How Not to Compost

Posted on March 25, 2009 by Allie

After spending my evening running around my neighbors’ garbage dump garden chasing after the little dog who wanted to eat kitchen scraps from their compost for the 86 gazillionth m@#$#Q@ f@##$#g time, I thought I’d do a post about things you cannot compost. 

The list includes, but is not limited to:

  • Ice cream containers
  • Plastic anything
  • Plastic coated anything
  • Meat
  • Bones
  • Rusty Cans
  • Glass

Also, please, please, please don’t just throw garbage on the ground outside and call it a compost pile.  It’s not.  Chiot’s Run has a great post about a three-bin system.  And last year, I made my own bins from old garbage cans (pictured above).  This is a great way to compost without driving your neighbors crazy attracting every animal in the neighborhood.

And, another thing: please don’t pour your meat grease, driveway tar, or other liquid waste down the drainage grate at the edge of your yard. It makes my soul cry is bad for our waterways.

Okay, if you want a real guide on composting, check out this one.  It’s awesome.

In related news, we’re getting a fence!!!!

12 Comments +

  1. Don’t forget to leave out dairy products too, I made that mistake once. Eewww.

    March 25th, 2009 at 3:26 pm
    Comment by David
  2. Thanks for the great composting bin guide. Here is another compost bin made out of an old pallet. I just found it and thought it was super cool. http://www.instructables.com/id/Pallet_Compost_Bin/

    http://www.this-greenlife.com

    March 25th, 2009 at 4:40 pm
    Comment by GreenChick
  3. The composting link you provided at the end of the post is the very article I used when learning how to get my own compost area started. It really is a great resource.

    March 25th, 2009 at 6:14 pm
    Comment by Beth @ Smart Family Tips
  4. I have a compost tumbler and I love it. I am too lazy/busy to keep up with much more. I just open the lid, dump in my scraps, and spin it every few days. It’s perfect!

    March 25th, 2009 at 6:23 pm
    Comment by Leslie
  5. We have a little bin full of dirt and “stuff”; living in an apartment means “not much space”. I just give it a turn every few days, and toss in small handfuls of kitchen scraps.

    March 25th, 2009 at 6:42 pm
    Comment by Jules
  6. Great post. I didn’t think an old garbage can would work as a composter, but why not? I also checked out the link and it is full of good ideas.
    Happy composting!
    P.s. – we still have snow, so no composting yet.

    March 25th, 2009 at 11:50 pm
    Comment by wendy
  7. While it is still cold outside I am sticking with my worm composter in my basement. Those little wrigglers are keeping up with our daily wastes.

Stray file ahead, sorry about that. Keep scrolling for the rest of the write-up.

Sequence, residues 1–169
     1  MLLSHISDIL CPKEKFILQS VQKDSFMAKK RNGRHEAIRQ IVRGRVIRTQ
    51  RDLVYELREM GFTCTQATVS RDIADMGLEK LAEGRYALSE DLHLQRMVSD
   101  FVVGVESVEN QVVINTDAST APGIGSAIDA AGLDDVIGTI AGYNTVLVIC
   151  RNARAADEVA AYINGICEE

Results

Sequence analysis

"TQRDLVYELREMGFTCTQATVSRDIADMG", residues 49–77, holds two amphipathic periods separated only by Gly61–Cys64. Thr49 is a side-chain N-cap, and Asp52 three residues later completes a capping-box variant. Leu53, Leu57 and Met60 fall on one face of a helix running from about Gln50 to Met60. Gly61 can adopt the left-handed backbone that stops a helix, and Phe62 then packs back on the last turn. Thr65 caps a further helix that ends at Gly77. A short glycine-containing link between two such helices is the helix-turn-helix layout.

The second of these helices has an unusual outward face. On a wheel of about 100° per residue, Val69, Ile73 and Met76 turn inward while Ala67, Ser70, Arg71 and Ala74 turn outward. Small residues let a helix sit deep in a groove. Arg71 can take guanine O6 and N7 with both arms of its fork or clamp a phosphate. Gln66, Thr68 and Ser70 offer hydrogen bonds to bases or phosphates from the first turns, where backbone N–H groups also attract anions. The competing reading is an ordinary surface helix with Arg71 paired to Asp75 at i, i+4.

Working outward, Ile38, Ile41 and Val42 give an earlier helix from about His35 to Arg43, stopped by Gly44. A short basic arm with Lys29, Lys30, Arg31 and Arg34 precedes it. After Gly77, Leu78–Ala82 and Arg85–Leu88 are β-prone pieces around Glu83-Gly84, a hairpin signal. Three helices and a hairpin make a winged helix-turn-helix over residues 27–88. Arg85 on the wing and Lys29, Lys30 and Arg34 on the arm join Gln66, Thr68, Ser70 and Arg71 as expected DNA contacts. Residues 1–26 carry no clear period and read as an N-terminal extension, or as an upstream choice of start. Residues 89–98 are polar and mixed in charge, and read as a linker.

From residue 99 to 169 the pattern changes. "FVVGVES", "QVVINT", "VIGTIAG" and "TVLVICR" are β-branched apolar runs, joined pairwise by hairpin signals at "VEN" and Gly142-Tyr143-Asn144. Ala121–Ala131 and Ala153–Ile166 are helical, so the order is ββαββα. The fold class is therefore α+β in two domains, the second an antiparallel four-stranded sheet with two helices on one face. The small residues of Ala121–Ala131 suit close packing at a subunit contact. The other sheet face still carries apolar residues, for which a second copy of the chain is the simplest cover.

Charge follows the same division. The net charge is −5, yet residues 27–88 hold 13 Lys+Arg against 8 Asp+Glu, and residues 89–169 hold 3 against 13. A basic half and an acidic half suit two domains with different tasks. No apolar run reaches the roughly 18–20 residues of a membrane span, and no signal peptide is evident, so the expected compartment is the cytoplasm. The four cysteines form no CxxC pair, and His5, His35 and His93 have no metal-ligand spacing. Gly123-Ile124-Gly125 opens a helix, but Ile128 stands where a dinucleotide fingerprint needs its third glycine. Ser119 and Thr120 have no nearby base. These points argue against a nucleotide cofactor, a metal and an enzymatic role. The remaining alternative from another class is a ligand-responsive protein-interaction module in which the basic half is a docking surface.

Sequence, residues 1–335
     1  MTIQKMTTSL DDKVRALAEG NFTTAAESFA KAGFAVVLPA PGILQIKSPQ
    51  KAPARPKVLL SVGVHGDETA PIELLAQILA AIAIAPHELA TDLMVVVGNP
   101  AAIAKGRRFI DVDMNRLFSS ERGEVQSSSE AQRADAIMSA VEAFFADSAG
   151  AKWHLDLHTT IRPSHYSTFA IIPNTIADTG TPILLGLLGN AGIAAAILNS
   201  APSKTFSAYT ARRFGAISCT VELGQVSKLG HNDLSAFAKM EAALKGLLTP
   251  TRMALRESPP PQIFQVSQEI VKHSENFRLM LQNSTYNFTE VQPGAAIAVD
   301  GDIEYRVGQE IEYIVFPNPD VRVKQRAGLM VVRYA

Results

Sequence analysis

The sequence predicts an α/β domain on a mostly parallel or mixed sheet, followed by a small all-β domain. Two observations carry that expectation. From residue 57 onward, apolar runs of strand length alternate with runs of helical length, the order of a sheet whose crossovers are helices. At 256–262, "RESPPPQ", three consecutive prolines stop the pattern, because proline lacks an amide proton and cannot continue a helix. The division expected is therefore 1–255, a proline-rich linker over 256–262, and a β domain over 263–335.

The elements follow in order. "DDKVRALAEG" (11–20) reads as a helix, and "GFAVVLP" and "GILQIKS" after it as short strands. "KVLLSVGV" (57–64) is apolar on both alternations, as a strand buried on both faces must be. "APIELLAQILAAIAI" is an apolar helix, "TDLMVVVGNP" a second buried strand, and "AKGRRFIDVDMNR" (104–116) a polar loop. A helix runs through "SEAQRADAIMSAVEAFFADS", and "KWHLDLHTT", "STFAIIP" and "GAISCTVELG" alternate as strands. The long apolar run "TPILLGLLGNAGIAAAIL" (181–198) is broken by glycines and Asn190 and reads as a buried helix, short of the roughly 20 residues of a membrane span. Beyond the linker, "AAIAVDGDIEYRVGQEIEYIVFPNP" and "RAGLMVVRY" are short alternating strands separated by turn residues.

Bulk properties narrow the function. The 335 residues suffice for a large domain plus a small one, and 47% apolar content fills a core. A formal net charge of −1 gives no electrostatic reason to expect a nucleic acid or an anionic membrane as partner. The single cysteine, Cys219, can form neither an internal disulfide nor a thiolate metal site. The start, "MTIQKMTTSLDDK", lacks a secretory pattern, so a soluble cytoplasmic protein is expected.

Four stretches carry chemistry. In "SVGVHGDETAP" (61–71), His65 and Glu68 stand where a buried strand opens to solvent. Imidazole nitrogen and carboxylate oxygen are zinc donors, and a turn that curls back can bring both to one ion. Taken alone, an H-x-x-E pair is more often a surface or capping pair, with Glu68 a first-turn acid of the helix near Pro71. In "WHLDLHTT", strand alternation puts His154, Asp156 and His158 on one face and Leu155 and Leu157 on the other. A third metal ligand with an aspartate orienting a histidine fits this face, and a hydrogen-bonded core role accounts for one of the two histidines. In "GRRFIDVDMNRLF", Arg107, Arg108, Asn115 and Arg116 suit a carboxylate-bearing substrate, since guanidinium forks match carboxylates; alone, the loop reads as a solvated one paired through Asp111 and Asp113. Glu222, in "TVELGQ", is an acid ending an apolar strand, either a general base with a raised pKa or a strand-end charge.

Although my wife is ready to put them in the garage. Don’t want to freeze them.

    Robert

    March 26th, 2009 at 1:16 am
    Comment by Robert
  8. You can compost chicken bones & stuff, but you have to bury them in a hole. I do this to mine and have never had any trouble with my dog or any other animals.

    Composting is a great way to be more sustainable in your garden. I am able to produce several wheelbarrow loads full of compost each year for my gardens from my kitchen scraps and yard waste (and I have a small lot).

    March 26th, 2009 at 3:05 am
    Comment by Chiot's Run
  9. [...] After spending my evening running around my neighbors’ garbage dump garden chasing after the little dog who wanted to eat kitchen scraps from their compost for the 86 gazillionth m@#$#Q@ f@##$#g time, I thought I’d do a post about things you cannot compost. [...]

    March 27th, 2009 at 1:01 pm
    Pingback by Quick Green Reads For The Weekend Volume 110. | The Good Human
  10. I’m new to composting but I don’t think it ever crossed my mind to put those items in there. eww! Mine has a bit of a smell but it’s just kind of sweet (maybe all the fruit?). When it starts to smell I just put more carbon in it.

    I don’t think my neighbors even know what the big black thing in my yard is. Don’t think they would get it if I said it was a composter. My neighborhood is not so eco-friendly. Judging from the large number of cardboard boxes all my neighbors have sticking out of their at least two large trash cans full of trash, no one recycles even. (we get trash pick up twice a week even!!)

    March 30th, 2009 at 3:31 pm
    Comment by Lisa
  11. I’ve always wanted to compost but living in the city I just figured it would be a bad idea (hello rats!).

    March 31st, 2009 at 12:14 pm
    Comment by CharmCityKim
  12. My roommate follows the rules on what to compost and what not to compost, but he just piles it outside and never mixes or turns it. The pile is now several feet high and maybe ten feet wide and is swarming with insects. Is this the way it is supposed to work? He also pours grey water on it, which I think should help break stuff down, but which I think is resulting in a rotting, slimy mess.

    April 13th, 2011 at 2:39 pm
    Comment by Wonderin

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If It Doesn’t Smell, Don’t Wash It

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According to Real Simple, if every American made an effort to launder less — cutting out just one load of laundry a week per household — we’d save enough water to fill seven million swimming pools each year.

So if it looks clean, and it smells clean, call it clean and wear it again. Consider hanging worn clothes out on your clothesline to freshen them up between wearings.


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